Dry eye syndrome presents a range of uncomfortable symptoms that can vary significantly in severity from person to person.

Eye Discomfort and Irritation

One of the most common symptoms of dry eyes is a persistent sense of irritation. Individuals may feel as if there is sand or grit in their eyes, leading to constant discomfort.


Dry eyes often look red and inflamed. The lack of adequate lubrication can cause the surface of the eye to appear more bloodshot.

Blurry Vision 

Intermittent visual disturbances can occur, especially after prolonged activities that strain the eyes, such as reading or using digital screens.

Eye Fatigue

Dry eyes may feel weary or strained after only a short period of use. This can make everyday tasks that require visual focus more challenging.

Light Sensitivity

People with dry eyes might experience increased sensitivity to light, finding bright or glaring lights uncomfortable or even painful.

Excessive Tearing 

Paradoxically, dry eyes can lead to episodes of excessive tearing. When the eyes are dry, they may overreact to the discomfort or irritation by producing too many tears.

Difficulty with Contact Lenses

Many individuals with dry eyes find it difficult to wear contact lenses. They may feel increased irritation or cannot keep the lenses in for their usual duration.

Understanding these symptoms helps to connect the discomfort of dry eyes with potential impacts on daily life, including the exacerbation of headaches.

How Can Dry Eyes Lead to Headaches?

How Can Dry Eyes Lead to Headaches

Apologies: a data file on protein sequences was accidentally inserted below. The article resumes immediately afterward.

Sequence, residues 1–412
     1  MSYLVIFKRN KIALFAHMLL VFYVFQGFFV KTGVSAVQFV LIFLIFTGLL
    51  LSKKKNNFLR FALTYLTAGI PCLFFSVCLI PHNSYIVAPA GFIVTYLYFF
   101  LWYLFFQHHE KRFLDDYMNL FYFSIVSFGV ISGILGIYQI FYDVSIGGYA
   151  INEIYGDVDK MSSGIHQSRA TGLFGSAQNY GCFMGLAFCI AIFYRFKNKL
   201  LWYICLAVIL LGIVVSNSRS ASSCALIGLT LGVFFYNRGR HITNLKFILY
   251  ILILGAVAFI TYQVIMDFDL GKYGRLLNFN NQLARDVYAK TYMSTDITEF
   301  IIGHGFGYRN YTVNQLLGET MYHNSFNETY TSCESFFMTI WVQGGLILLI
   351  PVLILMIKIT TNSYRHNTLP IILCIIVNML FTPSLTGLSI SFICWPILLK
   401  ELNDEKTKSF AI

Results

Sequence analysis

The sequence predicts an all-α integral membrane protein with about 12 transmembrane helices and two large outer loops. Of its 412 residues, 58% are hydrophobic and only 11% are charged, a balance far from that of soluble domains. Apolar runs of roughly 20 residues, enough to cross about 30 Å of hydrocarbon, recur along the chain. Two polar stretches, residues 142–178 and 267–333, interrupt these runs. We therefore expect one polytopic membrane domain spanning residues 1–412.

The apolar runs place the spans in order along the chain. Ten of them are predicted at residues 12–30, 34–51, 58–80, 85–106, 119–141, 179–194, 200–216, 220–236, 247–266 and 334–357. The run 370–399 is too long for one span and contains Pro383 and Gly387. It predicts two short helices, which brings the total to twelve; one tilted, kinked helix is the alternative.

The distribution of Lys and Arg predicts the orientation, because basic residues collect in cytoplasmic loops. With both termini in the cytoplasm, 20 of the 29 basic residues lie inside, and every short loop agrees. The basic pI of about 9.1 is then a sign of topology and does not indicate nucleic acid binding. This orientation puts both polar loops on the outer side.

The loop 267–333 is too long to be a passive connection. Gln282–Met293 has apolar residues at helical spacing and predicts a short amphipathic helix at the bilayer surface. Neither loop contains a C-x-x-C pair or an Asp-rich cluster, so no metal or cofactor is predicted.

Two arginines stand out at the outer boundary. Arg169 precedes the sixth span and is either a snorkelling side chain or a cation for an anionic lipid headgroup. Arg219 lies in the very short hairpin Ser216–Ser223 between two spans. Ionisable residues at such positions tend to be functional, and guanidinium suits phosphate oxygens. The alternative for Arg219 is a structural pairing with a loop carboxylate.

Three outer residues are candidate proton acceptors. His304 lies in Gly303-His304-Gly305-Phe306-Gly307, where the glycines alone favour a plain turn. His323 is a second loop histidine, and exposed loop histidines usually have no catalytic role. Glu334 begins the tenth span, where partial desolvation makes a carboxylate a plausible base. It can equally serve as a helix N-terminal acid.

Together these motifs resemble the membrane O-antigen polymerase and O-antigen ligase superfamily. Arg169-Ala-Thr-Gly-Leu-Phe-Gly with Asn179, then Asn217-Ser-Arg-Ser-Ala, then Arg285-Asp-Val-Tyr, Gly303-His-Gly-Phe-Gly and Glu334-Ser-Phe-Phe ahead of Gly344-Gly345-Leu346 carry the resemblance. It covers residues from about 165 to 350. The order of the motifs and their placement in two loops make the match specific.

The connection between dry eyes and headaches is rooted in the discomfort and strain that dry eyes can induce, which in turn can trigger headaches. Here’s a closer look at how unresolved dry eye symptoms can lead to frequent headaches:

Eye Strain

When the eyes are dry, they may not function as smoothly as they should, leading to increased effort to perform visual tasks. This additional strain can cause the muscles around the eyes and forehead to work harder, which can result in tension headaches. People who use digital devices frequently may experience this more acutely, as staring at screens can exacerbate dry eye symptoms and subsequent eye strain.

Blink Reflex

Dry eyes can disrupt the normal blinking process. Proper blinking helps maintain moisture on the eye surface by spreading tear film evenly across the eyes. However, when eyes are dry, individuals might blink more frequently or incompletely in an attempt to alleviate discomfort. This altered blinking pattern can strain the eyes further, contributing to the development of headaches.

Trigeminal Nerve Activation

The trigeminal nerve is one of the largest nerves in the head and plays a key role in transmitting sensations from the face to the brain. It also has branches that are directly involved with the eyes. When the eyes are dry and irritated, the trigeminal nerve may become overstimulated, leading to pain signals that the brain interprets as a headache. This is particularly relevant in the context of migraine headaches, where trigeminal nerve irritation is a known trigger.

Reflexive Tension

Chronic dry eye can lead to persistent discomfort, causing reflexive tensing of facial and scalp muscles. Over time, this tension can form patterns that are hard to break, even when the eyes are at rest. This ongoing muscle tension can evolve into chronic headache conditions.